WHEELBASE 56.7 in.
SEAT HEIGHT 33.5 in.
AVAILABLE Spring 2019


Cardo Systems Continues to Grow International Presence

Cardo Systems has made a significant investment in expanding internationally. 

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Calvin Yong Appointed as Commercial Director for Asia Pacific

Marco Schinkel Joins Cardo as Sales Manager for Germany, the United Kingdom, Austria, Switzerland, Benelux & South Africa

New Managing Director of The Americas Position Filled by Ohad Shvueli

Ines Ye Brought on as Sales Manager for China

Plano, Texas (April 2, 2019) – Cardo Systems, Ltd., the global market leader in wireless communication systems for motorcyclists, expands its international presence with new hires around the globe. The expansion comes in the wake of the company’s rapid growth in 2017 and 2018 and the strong momentum the brand carries into the new year.

To support the company’s strong entry into the Asia-Pacific market, Cardo has brought on board Calvin Yong as its commercial director for the region. In addition, Marco Schinkel joins the company as its new sales manager for Germany, Austria, the United Kingdom, Switzerland, Benelux and South Africa, while Ohad Shvueli takes on the new role of managing director of the Americas.

“With the addition of experienced professionals such as Calvin, Marco and Ohad and their impressive, proven track records, we are very upbeat in our expectations to make a real difference in these markets,” said Jonathan Yanai, VP Global Sales. “The expansion will allow us to continue to build on the momentum we are experiencing and further our business relationships with distributors, dealers, and end users.”

Calvin Yong will play a pivotal role in developing new sales channels for the company throughout the Asia-Pacific market. He joins the company as a seasoned marketing and business development professional who has successfully planned and executed remarkable expansions for the brands he represented prior to joining Cardo including Bissell, Dyson, and Whirlpool.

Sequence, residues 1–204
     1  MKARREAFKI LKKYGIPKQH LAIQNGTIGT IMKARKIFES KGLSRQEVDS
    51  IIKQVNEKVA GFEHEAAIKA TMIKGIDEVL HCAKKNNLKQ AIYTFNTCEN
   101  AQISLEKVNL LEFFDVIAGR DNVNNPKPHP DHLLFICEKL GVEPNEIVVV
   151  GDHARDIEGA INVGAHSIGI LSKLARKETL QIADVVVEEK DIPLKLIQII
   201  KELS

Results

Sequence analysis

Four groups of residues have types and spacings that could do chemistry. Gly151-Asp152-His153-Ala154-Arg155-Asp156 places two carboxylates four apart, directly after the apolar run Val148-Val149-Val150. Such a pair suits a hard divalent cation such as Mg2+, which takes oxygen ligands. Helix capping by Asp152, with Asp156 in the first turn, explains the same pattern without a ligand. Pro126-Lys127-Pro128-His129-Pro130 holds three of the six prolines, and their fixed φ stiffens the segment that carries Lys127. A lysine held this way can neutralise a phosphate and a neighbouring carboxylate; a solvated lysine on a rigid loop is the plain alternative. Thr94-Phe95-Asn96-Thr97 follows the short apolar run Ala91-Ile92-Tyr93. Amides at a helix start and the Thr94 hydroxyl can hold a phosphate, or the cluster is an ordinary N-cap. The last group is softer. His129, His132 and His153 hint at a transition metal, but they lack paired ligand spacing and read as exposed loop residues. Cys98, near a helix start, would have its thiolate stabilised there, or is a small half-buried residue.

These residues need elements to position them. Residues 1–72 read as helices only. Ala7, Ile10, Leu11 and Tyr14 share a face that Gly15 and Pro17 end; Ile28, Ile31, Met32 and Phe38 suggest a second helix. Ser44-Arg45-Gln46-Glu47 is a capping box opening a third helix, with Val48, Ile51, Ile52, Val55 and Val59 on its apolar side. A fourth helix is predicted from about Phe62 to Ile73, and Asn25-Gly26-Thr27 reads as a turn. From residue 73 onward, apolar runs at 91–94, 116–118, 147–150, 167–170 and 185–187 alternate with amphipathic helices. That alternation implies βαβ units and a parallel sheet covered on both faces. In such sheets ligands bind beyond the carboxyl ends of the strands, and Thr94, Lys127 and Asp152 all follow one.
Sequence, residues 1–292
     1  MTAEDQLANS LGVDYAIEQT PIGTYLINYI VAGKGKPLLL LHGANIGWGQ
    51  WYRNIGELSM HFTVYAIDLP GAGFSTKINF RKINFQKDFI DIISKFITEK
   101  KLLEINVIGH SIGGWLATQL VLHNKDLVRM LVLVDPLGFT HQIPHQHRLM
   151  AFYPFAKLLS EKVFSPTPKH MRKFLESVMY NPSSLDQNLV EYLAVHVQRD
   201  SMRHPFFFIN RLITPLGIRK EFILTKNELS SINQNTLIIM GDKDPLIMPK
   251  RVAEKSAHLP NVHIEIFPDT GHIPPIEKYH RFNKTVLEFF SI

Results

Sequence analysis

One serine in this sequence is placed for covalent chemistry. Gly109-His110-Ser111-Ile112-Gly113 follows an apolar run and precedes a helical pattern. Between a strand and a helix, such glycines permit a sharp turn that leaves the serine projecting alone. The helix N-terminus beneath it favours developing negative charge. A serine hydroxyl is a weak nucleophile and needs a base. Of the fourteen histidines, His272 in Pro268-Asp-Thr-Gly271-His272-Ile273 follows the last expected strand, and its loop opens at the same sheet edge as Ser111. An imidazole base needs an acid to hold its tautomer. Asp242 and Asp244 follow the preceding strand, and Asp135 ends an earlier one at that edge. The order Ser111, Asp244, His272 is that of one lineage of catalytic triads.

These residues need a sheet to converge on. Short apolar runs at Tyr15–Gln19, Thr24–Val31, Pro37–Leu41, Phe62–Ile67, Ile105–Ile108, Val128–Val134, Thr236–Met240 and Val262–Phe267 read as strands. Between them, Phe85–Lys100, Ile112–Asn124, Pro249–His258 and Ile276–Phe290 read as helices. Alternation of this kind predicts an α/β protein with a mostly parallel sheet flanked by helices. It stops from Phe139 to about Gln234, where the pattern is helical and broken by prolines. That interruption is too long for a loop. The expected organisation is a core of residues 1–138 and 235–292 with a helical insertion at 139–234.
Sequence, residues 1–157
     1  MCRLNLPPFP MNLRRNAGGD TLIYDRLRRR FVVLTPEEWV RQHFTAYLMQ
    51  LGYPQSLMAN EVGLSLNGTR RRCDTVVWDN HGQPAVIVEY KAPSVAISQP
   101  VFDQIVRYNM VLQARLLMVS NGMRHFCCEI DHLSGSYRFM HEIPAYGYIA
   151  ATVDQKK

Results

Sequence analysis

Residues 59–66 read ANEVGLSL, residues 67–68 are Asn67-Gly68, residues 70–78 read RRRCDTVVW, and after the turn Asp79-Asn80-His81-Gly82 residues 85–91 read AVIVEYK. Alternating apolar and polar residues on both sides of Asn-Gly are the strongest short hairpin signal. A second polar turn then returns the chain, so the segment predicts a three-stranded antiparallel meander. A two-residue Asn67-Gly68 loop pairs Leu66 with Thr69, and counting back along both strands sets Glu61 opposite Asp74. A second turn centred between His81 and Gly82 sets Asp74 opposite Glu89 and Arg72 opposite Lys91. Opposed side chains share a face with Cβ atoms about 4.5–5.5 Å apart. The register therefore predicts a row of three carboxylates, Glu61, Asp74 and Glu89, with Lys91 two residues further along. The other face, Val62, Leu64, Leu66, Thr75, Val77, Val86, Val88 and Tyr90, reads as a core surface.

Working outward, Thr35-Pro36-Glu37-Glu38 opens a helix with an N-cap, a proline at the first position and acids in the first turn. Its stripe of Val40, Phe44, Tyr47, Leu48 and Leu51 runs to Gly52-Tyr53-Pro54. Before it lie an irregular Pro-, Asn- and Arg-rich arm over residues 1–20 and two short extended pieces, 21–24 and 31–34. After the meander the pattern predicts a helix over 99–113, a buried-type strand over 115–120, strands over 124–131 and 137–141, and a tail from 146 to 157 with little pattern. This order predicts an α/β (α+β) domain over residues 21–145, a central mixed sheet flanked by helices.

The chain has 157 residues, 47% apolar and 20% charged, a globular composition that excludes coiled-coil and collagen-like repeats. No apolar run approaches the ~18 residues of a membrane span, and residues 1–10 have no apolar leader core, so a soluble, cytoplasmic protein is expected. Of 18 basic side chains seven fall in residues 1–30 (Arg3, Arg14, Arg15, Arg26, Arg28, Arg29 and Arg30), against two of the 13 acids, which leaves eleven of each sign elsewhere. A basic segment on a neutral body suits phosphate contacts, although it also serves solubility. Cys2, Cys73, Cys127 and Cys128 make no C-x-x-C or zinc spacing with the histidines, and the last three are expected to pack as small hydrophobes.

In addition to Calvin Yong, Cardo has also recruited Ines Ye to serve as sales manager for China. Ines brings years of experience in the market, where she previously worked with Zhejiang Chaozhong Industrial Company, which specializes in the production of a variety of motorized vehicles that includes dirt bikes, all-terrain vehicles and electric bicycles. With her extensive previous experience managing Chinese OEM business partners and distributors, Ines will play an important role in Cardo’s quest to expand its business in China.  

Marco Schinkel recently assumed his new role as Cardo’s sales manager for Germany, Austria, Switzerland, United Kingdom, Benelux and South Africa. Prior to joining Cardo, Marco was responsible for planning and executing sales and marketing strategies, channel development and business development at TomTom.  

To continue the remarkable momentum Cardo has experienced recently in the North-American market, the company has brought on Ohad Shvueli, a highly experienced executive with an impressive track record in sales, business development, marketing, and strategic procurement. Among his career highlights, Ohad has played a key role in helping to build PrimeSense, a leading developer of 3D technology that was later sold to Apple in 2013. Shvueli has built and developed teams to support the market creation process efficiently while fostering high morale and productivity along with results. As managing director for the region, Ohad will assume overall responsibility for Cardo’s entire operation in the Americas.   

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“If he rides until he’s 50…you never know”

“I didn’t have problems admitting that it was my mistake and that’s why I went to apologise. The important thing is knowing that you’ve made a mistake, but this year the story has actually changed quite a lot. Time solves everything,” explained Marquez, who also admitted that “being friends with one of your rivals, whether Valentino or someone else, is really difficult, almost impossible, because later on track there is a rivalry,” before adding that “off track, you have to have respect”

Source: MotoGP.comRead Full Article Here

A top ten finish and more lessons learnt for Quartararo

“Austin is really hard to ride, also I don’t know it in MotoGP, but for sure it is one of the most difficult tracks. But we need to work as we did here, where the team said ‘don’t worry in the first session if you are P20, P18, P15. Keep focus on your riding and learn the track’.”

Source: MotoGP.comRead Full Article Here

Best Tools To Steal A Motorcycle

Want to be a real scumbag? Go steal a motorcycle. You’ll instantly rank with the thousands of other miserable twits in this country who went after someone else’s pride and joy for a quick buck.

But really, don’t. More than 45,000 people came out for a ride only to find their bike gone last year. Same for the year before that, and the year before that. It’s the stuff of nightmares for a rider who has put their hard-earned money and time into a motorcycle. Safety measures such as chain locks, disc-brake alarms, locked covers, steering locks, or tracking devices are good, but aren’t 100 percent foolproof because these depraved goons are coming for your precious metal with some serious tools. But if you know what’s in their kit, you’ll be better prepared to protect your ride.